Football Index Could Be Sold to Rescue Investor as Anger Mounts Over Market Crash
Posted on: March 17, 2021, 07:50h.
Last updated on: March 17, 2021, 12:57h.
Football Index is looking for a buyer. The stricken soccer gambling platform could be facing a UK government inquiry as anger mounts among former customers who lost money when the Football Index market collapsed earlier this month. But it seems the company’s owners are eager to salvage something from the flames.
The Guardian has learned the owners have enlisted the services of Oakvale Capital, a financial advisory group specializing in gambling. Oakvale is seeking an investor to come in and rescue Football Index, which styled itself as “the stock market” of soccer.
The platform enabled users to buy “shares” in professional soccer players, which could fluctuate in value depending on player performances or real-world value in the soccer transfer market. Players were offered “dividends,” based on the performance of their shares.
Panic Selling, Shares Plummet
But Football Index’s synthetic stock market crashed overnight on March 5. That came after the company announced it planned to slash dividends to ensure the platform’s long-term sustainability.
Panic selling ensued, causing the value of shares to plummet, losing around £90 million in value ($125.5 million). The Times estimates that regular traders lost an average of £3,000 ($4,120) each.
Currently, what’s left of traders’ balances is frozen. Parent company Bet Index’s license has been suspended by the UK Gambling Commission and Football Index has gone into receivership.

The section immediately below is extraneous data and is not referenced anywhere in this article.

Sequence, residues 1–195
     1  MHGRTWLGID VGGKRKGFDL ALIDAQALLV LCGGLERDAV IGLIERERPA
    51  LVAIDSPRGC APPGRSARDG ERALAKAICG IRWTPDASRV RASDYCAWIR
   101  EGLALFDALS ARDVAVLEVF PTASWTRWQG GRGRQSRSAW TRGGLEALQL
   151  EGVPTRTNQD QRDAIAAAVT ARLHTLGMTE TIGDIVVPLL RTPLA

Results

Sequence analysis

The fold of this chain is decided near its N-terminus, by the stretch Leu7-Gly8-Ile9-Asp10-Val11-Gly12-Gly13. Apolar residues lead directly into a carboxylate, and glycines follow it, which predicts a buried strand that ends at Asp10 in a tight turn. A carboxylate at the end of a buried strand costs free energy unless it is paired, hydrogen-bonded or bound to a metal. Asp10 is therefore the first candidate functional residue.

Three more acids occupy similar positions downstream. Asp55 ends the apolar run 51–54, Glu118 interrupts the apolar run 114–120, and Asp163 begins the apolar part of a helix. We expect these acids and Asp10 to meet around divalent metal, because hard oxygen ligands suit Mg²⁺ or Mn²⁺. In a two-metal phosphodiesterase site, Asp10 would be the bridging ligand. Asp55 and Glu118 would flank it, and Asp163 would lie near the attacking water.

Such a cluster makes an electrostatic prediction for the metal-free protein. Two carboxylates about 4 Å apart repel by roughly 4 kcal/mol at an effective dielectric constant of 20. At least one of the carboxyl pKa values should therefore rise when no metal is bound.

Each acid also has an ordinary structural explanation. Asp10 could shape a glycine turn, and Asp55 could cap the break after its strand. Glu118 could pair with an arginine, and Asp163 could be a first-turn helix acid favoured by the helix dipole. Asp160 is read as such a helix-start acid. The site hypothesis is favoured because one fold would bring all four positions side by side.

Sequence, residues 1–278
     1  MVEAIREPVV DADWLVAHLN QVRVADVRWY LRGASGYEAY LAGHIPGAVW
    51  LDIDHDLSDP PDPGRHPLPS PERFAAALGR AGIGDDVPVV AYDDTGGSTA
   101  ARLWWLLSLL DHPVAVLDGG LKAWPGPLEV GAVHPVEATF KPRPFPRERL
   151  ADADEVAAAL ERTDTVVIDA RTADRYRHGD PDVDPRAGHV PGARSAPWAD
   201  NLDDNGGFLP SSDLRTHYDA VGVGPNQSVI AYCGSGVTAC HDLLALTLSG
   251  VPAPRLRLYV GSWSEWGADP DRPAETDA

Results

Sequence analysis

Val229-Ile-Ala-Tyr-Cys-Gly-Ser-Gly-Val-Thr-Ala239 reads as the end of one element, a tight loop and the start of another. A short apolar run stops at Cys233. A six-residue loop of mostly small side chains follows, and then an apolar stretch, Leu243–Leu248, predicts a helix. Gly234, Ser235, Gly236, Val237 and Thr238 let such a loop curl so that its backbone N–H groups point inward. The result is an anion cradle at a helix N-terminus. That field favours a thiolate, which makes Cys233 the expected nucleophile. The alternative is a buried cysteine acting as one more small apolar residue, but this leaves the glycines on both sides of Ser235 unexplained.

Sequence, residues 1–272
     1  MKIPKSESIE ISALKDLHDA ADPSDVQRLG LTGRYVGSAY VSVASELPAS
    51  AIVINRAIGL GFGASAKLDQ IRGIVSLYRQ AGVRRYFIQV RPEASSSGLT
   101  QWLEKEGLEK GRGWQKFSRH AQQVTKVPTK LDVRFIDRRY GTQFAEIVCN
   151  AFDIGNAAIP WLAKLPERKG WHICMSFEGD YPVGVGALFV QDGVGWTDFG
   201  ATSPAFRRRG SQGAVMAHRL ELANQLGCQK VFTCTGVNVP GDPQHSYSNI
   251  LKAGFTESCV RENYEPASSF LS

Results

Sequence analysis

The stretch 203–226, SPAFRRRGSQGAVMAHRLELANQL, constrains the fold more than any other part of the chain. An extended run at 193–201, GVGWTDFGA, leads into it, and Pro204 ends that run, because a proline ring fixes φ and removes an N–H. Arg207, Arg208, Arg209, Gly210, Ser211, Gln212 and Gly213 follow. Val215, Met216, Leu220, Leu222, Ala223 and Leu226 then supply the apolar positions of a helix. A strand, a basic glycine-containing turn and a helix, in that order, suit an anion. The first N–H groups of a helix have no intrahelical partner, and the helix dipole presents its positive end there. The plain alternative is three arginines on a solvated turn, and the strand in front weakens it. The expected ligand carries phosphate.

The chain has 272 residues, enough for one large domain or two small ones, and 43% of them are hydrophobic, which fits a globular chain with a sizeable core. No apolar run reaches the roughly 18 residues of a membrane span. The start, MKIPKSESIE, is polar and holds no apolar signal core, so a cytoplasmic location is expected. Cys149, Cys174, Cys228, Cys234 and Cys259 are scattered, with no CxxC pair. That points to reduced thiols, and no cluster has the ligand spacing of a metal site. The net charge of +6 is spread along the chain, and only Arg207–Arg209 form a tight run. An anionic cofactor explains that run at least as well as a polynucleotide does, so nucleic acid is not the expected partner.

Some critics have denounced the company as a Ponzi scheme. This is Money reports that former Football Index users are directing their anger at the company’s founder, Adam Cole.
Porn Baron Founder
Cole, 70, made a fortune in the VHS softcore porn boom in the 1980s. He launched Football Index in 2015 and became its public face, marketing the site as being “safer and more predictable than financial markets.”
Football Index was admonished in 2019 by the UK’s Advertising Standards Authority for “creating the impression the product was a lucrative investment opportunity.”
On Tuesday, Neil McArthur, head of the UK Gambling Commission, resigned as politicians asked questions about whether the company should have been licensed at all.
Meanwhile, Law firm Leigh Day told The Guardian it was exploring the possibility of legal action on behalf of traders who lost money.
“Whilst it is very early days in our investigations on behalf of the thousands of people who have lost money, there are serious questions which will need answering regarding what has happened at Football Index and what the Gambling Commission understood of Football Index’s activities,” Leigh Day partner Nichola Marshall said.
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